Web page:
He put the affairs of his estate in the best order he could, and constituted his mother his factrix before leaving for Flanders in 1747. From that year till 1769, he was always on active service in different parts of the world. He was with Admiral Rodney's expedition, and commanded eight hundred Marines at the capture of Havannah in 1762. On that occasion he earned not only a great deal of praise, but of prize money also. His estate meanwhile had been cleared of debt. His mother—advised in difficult cases by  "John Campbell of the Bank,"—proved herself to be the best of managers. She and her daughters lived quietly, plainly, but hospitably and happily, at Glenlyon House. For some time after his rehabilitation, Archie Roy, the young ex-rebel, lived with his family, and no one could, if we may trust the reports handed down, go nearer extracting sunshine from cucumbers than he. His sister Molly was also full of merriment, while Kitty was sarcastic, and Jennie, the youngest, was quaint and credulous. In 1749, the Rev. Fergus Ferguson, minister of Fortingall, died, and the Jacobites of the parish were far from sorry. They had done their best to ostracise him; but he was not the man to stand that sort of thing. It was whispered, however, that his death resulted from being tumbled into the river, as if by an accident, out of the ferry boat at Laggan, on a dark night, by a vengeful Jacobite. The plunge into the wintry water gave him a cold, which he neglected, and the cold carried him off. It was said that "he walked" after his death. He had acted manfully and faithfully according to his conscience and views, and if he was not to be stopped by trifles from keeping his parishioners by all means in his power from rushing into rebellion, after Culloden he appears to have acted more kindly towards the rebels than some of them were prepared to act towards him.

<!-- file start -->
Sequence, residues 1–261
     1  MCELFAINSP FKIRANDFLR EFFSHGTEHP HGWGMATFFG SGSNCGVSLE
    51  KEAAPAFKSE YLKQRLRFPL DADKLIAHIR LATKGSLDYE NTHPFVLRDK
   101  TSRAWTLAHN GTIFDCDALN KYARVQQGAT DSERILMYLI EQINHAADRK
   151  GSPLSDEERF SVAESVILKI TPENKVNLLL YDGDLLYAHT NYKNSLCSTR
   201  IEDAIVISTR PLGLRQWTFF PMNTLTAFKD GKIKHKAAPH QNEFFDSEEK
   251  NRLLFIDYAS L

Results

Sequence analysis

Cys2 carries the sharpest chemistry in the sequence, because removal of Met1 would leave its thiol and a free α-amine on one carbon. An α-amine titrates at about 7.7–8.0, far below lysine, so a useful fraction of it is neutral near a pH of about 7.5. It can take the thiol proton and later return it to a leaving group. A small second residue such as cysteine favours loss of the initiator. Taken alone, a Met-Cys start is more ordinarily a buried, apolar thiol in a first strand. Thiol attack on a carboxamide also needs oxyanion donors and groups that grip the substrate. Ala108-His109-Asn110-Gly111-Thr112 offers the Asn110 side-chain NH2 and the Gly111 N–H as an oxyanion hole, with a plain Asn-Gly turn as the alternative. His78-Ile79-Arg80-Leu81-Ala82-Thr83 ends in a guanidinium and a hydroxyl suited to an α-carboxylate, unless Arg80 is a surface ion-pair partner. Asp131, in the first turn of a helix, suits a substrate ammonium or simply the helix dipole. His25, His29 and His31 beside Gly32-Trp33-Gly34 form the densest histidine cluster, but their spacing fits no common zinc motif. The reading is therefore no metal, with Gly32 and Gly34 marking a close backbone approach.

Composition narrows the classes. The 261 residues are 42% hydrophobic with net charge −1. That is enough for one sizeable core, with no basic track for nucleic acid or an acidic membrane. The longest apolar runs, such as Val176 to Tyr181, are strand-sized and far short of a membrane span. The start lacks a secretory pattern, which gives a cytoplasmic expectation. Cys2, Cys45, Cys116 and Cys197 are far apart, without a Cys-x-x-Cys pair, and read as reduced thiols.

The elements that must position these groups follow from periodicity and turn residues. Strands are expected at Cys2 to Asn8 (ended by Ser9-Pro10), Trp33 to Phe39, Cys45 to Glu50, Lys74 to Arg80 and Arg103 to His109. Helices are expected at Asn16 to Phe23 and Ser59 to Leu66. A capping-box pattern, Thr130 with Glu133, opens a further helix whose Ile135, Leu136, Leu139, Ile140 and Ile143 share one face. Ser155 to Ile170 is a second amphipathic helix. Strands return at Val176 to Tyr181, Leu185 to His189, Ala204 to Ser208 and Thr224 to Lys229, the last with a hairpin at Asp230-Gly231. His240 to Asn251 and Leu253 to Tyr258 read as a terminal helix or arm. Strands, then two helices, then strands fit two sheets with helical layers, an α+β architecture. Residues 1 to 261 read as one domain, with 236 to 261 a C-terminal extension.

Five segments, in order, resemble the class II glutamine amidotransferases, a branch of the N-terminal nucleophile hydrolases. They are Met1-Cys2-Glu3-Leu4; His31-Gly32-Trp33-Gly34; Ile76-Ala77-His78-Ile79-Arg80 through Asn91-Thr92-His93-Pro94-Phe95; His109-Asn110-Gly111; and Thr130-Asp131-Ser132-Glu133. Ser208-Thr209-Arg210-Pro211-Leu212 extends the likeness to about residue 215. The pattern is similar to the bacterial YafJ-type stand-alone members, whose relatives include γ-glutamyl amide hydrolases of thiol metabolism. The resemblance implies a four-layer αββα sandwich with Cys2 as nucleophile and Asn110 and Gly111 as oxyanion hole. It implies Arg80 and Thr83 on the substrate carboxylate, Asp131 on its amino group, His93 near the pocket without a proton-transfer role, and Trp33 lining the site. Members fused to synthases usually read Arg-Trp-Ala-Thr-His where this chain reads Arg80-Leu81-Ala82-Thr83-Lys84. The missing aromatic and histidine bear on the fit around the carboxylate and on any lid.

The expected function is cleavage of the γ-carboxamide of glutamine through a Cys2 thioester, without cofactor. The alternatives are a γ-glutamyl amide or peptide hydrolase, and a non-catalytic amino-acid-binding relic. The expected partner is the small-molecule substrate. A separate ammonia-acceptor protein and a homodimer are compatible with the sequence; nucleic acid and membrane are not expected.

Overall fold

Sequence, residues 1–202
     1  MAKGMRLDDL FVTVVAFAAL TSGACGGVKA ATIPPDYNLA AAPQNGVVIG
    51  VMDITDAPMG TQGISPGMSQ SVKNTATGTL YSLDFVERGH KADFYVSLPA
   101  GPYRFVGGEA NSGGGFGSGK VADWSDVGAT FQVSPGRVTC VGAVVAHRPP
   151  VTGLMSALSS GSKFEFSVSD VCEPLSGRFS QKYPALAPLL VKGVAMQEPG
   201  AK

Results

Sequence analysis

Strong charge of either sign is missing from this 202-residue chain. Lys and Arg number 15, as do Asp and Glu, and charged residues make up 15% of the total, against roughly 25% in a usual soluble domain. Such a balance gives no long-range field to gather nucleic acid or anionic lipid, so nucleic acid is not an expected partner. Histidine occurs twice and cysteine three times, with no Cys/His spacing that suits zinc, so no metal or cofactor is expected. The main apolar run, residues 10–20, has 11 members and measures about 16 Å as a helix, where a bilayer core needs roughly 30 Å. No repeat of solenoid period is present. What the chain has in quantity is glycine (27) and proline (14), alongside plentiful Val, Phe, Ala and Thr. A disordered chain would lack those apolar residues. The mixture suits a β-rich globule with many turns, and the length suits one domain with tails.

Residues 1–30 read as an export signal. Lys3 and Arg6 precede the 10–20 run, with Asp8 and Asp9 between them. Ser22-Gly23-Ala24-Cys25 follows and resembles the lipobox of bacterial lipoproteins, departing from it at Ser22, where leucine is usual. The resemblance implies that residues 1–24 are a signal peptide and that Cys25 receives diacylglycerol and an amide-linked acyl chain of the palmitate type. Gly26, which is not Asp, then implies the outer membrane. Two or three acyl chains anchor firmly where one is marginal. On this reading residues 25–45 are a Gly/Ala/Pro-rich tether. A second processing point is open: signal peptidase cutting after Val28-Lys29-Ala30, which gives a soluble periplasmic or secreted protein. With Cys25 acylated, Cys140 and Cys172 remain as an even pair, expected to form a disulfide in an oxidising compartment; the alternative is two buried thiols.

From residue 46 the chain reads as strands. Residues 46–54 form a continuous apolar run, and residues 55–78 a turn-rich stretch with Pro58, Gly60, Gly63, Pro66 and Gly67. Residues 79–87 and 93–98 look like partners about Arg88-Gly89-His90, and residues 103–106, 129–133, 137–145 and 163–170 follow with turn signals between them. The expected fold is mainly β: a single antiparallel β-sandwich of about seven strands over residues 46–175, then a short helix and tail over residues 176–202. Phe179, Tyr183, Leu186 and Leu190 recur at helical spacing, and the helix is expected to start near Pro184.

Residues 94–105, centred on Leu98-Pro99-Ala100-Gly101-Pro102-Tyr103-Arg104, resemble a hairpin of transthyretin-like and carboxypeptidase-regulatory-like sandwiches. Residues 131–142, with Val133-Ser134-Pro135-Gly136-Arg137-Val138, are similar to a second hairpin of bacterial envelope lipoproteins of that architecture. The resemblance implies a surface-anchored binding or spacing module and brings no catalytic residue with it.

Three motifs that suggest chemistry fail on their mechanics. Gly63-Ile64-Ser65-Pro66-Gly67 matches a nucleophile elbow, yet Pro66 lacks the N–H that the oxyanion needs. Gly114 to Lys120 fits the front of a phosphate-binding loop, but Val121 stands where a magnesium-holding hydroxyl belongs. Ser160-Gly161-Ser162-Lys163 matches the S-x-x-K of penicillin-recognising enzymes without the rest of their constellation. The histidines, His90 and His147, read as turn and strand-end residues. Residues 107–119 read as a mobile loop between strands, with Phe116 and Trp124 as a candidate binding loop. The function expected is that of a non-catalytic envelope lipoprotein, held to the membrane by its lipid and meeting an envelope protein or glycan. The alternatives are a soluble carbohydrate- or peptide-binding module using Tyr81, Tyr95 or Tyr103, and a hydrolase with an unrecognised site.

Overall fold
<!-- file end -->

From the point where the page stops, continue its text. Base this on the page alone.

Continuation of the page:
Archie Roy, like his brothers John and David, was well educated. They all possessed in a remarkable degree the gift of writing sprightly, well-composed, and well-spelt letters. But the Coirneal Dubh, until he retired from active service, was generally content with sending home short business missives, and David was at times prosy while some way or other the youngest brother always bubbled over with light-hearted humour, even when he wished to be solemn and serious. They all received their early education at the Fortingall parish school, which had then an excellent classical scholar as teacher, but I suppose they must have afterwards been to St. Andrew's, or Edinburgh, before going out into the world, although' it is sure in Archie's case that he had not been to college before he followed Prince Charlie. He had however plenty of time afterwards to complete his education. The sisters were by no means so well educated as the brothers, perhaps because they could not be sent, like the boys, to the parish school, and because governesses were then scarce. Sarcastic Kitty could write smartly, but her spelling was of the most irregular phonetic kind imaginable. Molly wrote like a school-girl, with some trouble, and uncertain efforts at correctness, while Jennie could do little more than just sign her name.

On the 5th January, 1757, Archie Roy received a commission as lieutenant in the 75 th Regiment, or Fraser's Highlanders, the colonel and many officers and men of which were ex-rebels like himself. The regiment was instantly sent to America. It landed at Halifax, Nova Scotia, in June, 1757. Many Glenlyon and Fortingall lads followed Archie Roy to the field, as they did eleven years earlier, when he was only a boy, to Prestonpans, Derby, Falkirk, and Culloden. The 75th joined the expedition against Lewisburg, and fought nobly throughout the whole of the war, which ended in the British conquest of Canada. Archie Roy was one of the officers wounded in the successful defence of Quebec, on the 28th of April, 1760. It was supposed at first that he could not recover, and although he did recover, and that quickly too, his wound gave him a good deal of trouble for the rest of his life, and in the end shortened his days. He received his commission as captain before he was out of hospital, and remained at Quebec for the next two years, and then returned home with his regiment, or at least with as much of it as wished to return home instead of settling on land grants in Canada. As the regiment was disbanded on coming home, Captain Campbell retired from the service on half-pay, and lived at Glenlyon House for some years with his mother and sisters.